Date of this Version
Antimicrobial Agents and Chemotherapy, September 2013, Volume 57, Number 9, pp. 4506–4511, doi:10.1128/AAC.01129-13.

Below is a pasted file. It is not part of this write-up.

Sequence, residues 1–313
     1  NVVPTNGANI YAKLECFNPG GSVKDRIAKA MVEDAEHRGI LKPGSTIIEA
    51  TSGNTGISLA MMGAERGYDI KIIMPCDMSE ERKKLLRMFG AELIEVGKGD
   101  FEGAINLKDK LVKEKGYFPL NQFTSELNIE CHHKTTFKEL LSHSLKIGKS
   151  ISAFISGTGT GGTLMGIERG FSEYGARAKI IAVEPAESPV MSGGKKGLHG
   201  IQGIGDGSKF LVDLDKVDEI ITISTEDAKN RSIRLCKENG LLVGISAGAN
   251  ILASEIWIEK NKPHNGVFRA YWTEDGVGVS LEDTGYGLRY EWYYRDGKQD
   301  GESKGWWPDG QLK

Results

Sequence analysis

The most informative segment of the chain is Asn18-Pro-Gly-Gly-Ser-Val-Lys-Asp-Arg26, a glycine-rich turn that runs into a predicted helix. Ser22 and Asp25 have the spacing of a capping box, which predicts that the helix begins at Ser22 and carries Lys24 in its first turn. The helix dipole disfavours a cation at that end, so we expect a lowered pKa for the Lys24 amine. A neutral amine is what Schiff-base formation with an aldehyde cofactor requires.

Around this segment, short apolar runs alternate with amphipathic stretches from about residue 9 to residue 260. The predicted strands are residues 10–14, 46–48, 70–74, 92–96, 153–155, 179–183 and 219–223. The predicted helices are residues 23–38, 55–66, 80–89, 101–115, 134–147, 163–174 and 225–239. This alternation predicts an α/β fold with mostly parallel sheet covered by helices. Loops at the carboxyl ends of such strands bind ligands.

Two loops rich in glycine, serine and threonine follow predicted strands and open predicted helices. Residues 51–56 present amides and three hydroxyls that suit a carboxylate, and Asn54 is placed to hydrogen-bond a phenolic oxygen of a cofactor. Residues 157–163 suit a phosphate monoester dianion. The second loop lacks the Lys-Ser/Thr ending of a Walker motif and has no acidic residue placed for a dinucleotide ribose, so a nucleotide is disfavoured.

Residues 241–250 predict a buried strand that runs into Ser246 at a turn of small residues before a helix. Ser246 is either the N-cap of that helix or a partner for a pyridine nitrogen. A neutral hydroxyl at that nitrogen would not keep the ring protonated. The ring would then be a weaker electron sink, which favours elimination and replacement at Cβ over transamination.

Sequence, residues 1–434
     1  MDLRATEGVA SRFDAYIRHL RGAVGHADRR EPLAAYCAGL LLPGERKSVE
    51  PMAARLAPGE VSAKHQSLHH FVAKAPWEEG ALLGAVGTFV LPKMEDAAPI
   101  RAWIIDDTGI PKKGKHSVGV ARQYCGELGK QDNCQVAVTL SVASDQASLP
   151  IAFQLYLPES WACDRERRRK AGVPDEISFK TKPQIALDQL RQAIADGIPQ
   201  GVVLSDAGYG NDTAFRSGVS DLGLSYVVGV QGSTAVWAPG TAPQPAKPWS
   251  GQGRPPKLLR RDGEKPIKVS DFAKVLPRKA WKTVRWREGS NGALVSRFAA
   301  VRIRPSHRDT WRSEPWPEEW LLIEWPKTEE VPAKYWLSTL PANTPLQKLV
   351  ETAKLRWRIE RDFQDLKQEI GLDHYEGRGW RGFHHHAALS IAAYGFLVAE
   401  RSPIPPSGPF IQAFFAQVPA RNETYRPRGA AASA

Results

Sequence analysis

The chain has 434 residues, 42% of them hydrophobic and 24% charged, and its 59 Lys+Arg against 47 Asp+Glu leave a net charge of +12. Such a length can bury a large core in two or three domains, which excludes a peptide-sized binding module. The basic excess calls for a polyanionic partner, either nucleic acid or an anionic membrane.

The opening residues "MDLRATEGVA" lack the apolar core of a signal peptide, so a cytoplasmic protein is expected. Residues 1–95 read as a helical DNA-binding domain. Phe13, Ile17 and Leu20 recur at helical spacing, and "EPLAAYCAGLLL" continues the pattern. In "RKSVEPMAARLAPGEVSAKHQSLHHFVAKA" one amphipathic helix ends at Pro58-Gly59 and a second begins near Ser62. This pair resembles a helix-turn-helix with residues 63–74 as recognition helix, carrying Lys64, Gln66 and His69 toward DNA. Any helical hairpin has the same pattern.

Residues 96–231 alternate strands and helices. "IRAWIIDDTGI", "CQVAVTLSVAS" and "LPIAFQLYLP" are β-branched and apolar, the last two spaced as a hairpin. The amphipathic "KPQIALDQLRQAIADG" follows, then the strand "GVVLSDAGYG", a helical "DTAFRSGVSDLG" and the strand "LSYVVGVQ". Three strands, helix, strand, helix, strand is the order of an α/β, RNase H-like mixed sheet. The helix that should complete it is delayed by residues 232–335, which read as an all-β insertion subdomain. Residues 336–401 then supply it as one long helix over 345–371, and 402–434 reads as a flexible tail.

Chronic Schistosoma mansoni infections lead to severe tissue destruction of the gut wall and liver and can influence drug disposition. This study aimed to investigate the impact of a chronic S. mansoni infection on the pharmacokinetic (PK) parameters of two promising antischistosomal lead candidates (mefloquine and enpiroline) in mice. Studies were conducted in two different mouse cohorts (S. mansoni-infected and uninfected mice) for both drugs. Plasma samples were collected at various time points after oral treatment (200 mg/kg of body weight) with study drugs. A high-performance liquid chromatography (HPLC) method was validated to analyze enpiroline and mefloquine in plasma. Livers and intestines were collected from infected animals to determine the onset of action, hepatic shift, and worm burden reduction. Following mefloquine administration, hepatic shifting and significant worm burden reductions (79.2%) were observed after 72 h. At 1 week posttreatment with enpiroline, the majority of worms had migrated to the liver and significant worm burden reductions were observed (93.1%). The HPLC method was selective, accurate (87.8 to 111.4%), and precise (<10%) for the analysis of both drugs in plasma samples. The PK profiles revealed increased values for half-life (t1/2) and area under the concentration-time curve (AUC) for both drugs in infected animals compared to the t1/2 and AUC values in uninfected animals. Considerable changes were observed for mefloquine, with a 5-fold increase of t1/2 (182.7 h versus 33.6 h) and 2-fold increase of AUC (1,116,517.8 ng · h/ml versus 522,409.1 ng · h/ml). S. mansoni infections in mice influence the PK profiles of enpiroline and mefloquine, leading to delayed clearance. Our data confirm that drug disposition should be carefully studied in schistosomiasis patients.